Last week, I saw an interesting piece by K.M. Weiland about using all 4 cognitive functions to strengthen your writing. First things first, I had to find out what they are. Here is a bit on each and how to build them up.
As explained by Weiland, intution is an abstract quality. Think instinct or hunch. For me, it is all about making logical leaps and connections.
Develop intuition by learning by noodling over your work and looking for patterns. Play off your hunches and pay attention when you have the feeling that something just is not working.
Sensing goes with intuition but stands in contrast to it. Intuition is abstract. Sensing is about the concrete. What do you see, smell, hear, taste, and feel?
Develop this by practicing using your senses in a variety of situations. It is tempting to rely on sight when we describe something so make a point of working the other senses into your story or description.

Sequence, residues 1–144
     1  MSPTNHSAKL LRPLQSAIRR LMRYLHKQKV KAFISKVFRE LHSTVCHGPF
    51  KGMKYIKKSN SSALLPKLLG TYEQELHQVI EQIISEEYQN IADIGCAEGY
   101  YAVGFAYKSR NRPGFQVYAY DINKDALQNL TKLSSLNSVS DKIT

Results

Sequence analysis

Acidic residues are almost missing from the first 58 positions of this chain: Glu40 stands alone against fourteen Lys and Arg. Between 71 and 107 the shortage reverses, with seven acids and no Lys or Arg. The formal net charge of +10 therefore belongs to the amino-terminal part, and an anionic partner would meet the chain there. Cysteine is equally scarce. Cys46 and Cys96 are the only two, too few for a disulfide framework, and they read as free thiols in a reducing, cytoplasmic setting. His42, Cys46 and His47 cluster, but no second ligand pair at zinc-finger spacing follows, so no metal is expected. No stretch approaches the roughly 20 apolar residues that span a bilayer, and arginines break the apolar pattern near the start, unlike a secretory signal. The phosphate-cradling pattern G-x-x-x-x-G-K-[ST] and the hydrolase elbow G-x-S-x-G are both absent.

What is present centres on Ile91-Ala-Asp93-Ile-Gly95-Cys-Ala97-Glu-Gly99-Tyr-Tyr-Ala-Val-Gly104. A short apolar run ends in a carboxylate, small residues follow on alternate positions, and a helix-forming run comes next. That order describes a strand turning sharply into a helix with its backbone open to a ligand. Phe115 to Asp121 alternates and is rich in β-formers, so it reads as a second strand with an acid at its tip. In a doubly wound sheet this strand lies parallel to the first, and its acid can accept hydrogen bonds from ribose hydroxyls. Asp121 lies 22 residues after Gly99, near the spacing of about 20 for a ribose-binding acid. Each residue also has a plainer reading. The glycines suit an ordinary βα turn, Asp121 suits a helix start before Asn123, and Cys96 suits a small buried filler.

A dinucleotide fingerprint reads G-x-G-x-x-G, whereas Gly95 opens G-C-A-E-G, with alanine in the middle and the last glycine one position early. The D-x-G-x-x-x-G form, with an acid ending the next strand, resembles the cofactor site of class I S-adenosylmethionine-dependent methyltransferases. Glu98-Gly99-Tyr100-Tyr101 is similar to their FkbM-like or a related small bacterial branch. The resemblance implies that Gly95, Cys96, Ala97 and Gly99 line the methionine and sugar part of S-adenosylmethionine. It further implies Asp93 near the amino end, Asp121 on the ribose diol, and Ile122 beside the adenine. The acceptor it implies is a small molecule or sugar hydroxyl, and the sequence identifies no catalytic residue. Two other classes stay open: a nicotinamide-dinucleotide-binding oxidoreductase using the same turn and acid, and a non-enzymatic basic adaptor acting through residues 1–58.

In spite of the term “thinking,” this isn’t all about thoughts. It is about weighing, evaluating, and organizing information.
Develop this by writing. Plot out that novel. Learn to judge whether or not you’ve made logical leaps in your writing or if your claims are balanced and precise.
Feeling is often seen as “only” emotion. Ironically, as Weiland points out, during times like we are experiencing in 2020, many people shy away from their feelings as simply too raw and weighty. But we need a certain amount of emotion in our writing because it is something that readers connect with.
Develop feeling in your writing by looking for the emotional truth. This doesn’t mean that you have to go for big, overdrawn emotion but readers can identify with a character that is unlike themselves in many ways through common emotion.
Do you rely on all four cognitive functions in your writing? Most of us favor some at the expense of others. Figure out which are your strengths so you know which ones you need to develop.